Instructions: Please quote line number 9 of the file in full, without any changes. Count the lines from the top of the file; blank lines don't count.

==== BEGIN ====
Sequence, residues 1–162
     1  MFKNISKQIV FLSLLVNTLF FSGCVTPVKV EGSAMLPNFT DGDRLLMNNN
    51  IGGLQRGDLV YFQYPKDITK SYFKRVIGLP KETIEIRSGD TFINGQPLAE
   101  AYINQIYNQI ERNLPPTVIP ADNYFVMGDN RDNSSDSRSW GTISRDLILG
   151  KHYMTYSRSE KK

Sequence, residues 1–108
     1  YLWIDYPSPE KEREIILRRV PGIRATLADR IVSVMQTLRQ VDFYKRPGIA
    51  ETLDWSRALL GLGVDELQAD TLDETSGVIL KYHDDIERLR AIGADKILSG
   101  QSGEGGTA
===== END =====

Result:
   101  QSGEGGTA